In some embodiments of the present invention, the length of said oligomer need not be constant throughout the procedure. For example, an 8-mer may be assayed to determined the sequence having highest binding affinity for a transcription factor. Subsequently, the 8-mer may be extended and tested as a 15-mer to determine the 15-mer sequence having the highest binding affinity for the transcription factor.

Groups of the present invention are made up of a plurality of sets which may remain constant throughout the procedure. From about three to about twenty sets can make up each group. In one preferred embodiment of the present invention four sets make up each group. In another embodiment of the present invention twenty sets make up each group. Alternatively, three sets may make up each group.

The number of sets that make up each group is dependent upon the number of possible distinct chemically similar units which exist for any one species of molecule. For example, an oligonucleotide group may be comprised of four sets since there are four similar units making up the nucleic acid species, i.e. guanine, adenine, cytosine, thymine or adenine, guanine, cytosine and uracil. Alternatively, an oligonucleotide group may be comprised of more than four sets representing for example, the four commonly occurring bases and additional modified bases. Twenty sets may make up a polypeptide group, representing the twenty commonly occurring amino acids, lysine, arginine, histidine, aspartic acid, glutamic acid, glycine, asparagine, glutamine, cysteine, serine, threonine, tyrosine, alanine, valine, leucine, isoleucine, proline, phenylalanine, methionine and tryptophan. Greater than twenty sets may also make up a polypeptide group if uncommon or modified amino acids are included in the assay. Subgroups of basic units may also determine the number of sets in any one group. For example, in procedures to determine a particular polypeptide, sets may represent acidic, basic and neutral amino acid units, i.e. three sets. The number of sets in groups in any one procedure need not remain constant throughout, but may fluctuate. For example, in a one group there may be three sets representing three types of polypeptides and in a next group there may be twenty sets representing each commonly occurring amino acid.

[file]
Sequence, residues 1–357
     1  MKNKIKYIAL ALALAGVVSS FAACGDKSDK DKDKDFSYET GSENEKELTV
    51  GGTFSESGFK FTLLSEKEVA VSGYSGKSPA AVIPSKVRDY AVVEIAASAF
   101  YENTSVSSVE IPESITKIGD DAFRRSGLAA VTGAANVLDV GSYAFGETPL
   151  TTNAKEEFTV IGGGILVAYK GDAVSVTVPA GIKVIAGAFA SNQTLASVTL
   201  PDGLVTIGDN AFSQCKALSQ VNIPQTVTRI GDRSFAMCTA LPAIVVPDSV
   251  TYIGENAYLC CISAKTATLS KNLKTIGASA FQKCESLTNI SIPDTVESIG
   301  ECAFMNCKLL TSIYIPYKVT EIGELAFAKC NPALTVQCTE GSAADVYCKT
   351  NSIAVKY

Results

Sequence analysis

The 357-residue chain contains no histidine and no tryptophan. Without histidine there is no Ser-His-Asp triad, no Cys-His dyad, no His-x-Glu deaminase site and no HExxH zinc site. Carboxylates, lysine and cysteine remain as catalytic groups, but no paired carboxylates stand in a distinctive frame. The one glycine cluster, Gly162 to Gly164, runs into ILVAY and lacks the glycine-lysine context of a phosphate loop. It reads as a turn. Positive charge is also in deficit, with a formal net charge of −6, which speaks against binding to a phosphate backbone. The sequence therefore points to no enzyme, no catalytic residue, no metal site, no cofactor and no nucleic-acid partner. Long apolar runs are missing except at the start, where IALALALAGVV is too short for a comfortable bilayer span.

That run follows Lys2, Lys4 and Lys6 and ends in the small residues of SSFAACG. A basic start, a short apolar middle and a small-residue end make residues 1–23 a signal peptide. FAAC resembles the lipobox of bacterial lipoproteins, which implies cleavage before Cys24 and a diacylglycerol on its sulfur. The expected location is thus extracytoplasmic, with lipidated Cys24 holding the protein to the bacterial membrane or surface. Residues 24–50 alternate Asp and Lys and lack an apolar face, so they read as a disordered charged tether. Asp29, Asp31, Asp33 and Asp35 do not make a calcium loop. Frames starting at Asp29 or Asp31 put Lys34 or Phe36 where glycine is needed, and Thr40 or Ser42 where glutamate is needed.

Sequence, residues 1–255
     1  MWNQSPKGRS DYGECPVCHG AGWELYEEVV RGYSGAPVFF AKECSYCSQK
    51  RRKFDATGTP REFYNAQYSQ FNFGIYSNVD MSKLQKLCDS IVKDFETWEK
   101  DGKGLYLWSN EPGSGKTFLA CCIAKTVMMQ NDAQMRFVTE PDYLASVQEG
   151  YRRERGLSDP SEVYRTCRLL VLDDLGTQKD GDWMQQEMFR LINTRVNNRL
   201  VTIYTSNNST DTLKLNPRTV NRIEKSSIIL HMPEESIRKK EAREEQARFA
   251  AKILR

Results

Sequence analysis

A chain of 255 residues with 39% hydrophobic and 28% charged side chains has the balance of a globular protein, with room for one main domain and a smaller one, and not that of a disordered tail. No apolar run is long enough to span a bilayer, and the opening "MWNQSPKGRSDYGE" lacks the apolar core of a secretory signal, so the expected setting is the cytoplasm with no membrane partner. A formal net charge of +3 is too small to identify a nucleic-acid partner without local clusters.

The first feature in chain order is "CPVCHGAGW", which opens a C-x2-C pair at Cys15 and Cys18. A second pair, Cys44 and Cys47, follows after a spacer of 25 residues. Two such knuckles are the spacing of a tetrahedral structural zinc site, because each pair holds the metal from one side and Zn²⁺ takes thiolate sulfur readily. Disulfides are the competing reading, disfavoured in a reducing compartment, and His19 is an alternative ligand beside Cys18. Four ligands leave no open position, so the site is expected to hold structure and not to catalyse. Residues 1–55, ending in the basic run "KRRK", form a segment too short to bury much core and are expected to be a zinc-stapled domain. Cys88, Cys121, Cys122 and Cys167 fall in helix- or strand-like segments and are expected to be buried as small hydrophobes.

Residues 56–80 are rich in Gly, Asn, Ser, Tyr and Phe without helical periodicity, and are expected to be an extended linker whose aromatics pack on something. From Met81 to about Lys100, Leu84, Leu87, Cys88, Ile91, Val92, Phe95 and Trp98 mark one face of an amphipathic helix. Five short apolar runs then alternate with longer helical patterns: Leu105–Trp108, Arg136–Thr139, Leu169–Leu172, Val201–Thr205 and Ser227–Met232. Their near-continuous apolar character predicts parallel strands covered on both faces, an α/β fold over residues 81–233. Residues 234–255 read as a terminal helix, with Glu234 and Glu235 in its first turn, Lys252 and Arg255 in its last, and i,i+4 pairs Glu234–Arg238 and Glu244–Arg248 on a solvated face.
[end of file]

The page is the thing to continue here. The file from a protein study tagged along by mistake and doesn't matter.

The use of additional units such as nucleotide or amino acid analogs may be preferred in some instances where it is desirable to increase the complexity of the group of oligomers. The complexity of a group may be calculated by the formula PPN where P is the number of different units used and N is the number of positions in an oligomer which are randomized. The complexity of a set (Q) is represented by the formula PN. Table 1 illustrates the change in group complexity as a result of the increase in the number of analogs used. Of course, the number of different units used also determines the number of sets prepared.

              TABLE 1______________________________________Group Structure = NNN X NNNNumber of different      Complexity of each                   Total Group Complexityanalogs used (P)      set (Q) (P6)                   (P  P6)______________________________________4          46 = 4096                   4  4096 = 16,3845          56 = 15,625                   5  15,625 = 78,1256          66 = 46,656                   6  46,656 = 279,9367          76 = 117,649                   7  117,649 = 823,5438          86 = 262,144                   8  262,144 = 2,097,1529          96 = 531,441                   9  531,441 = 4,782,96910         106 = 1,000,000                   10  1,000,000 = 10,000,000______________________________________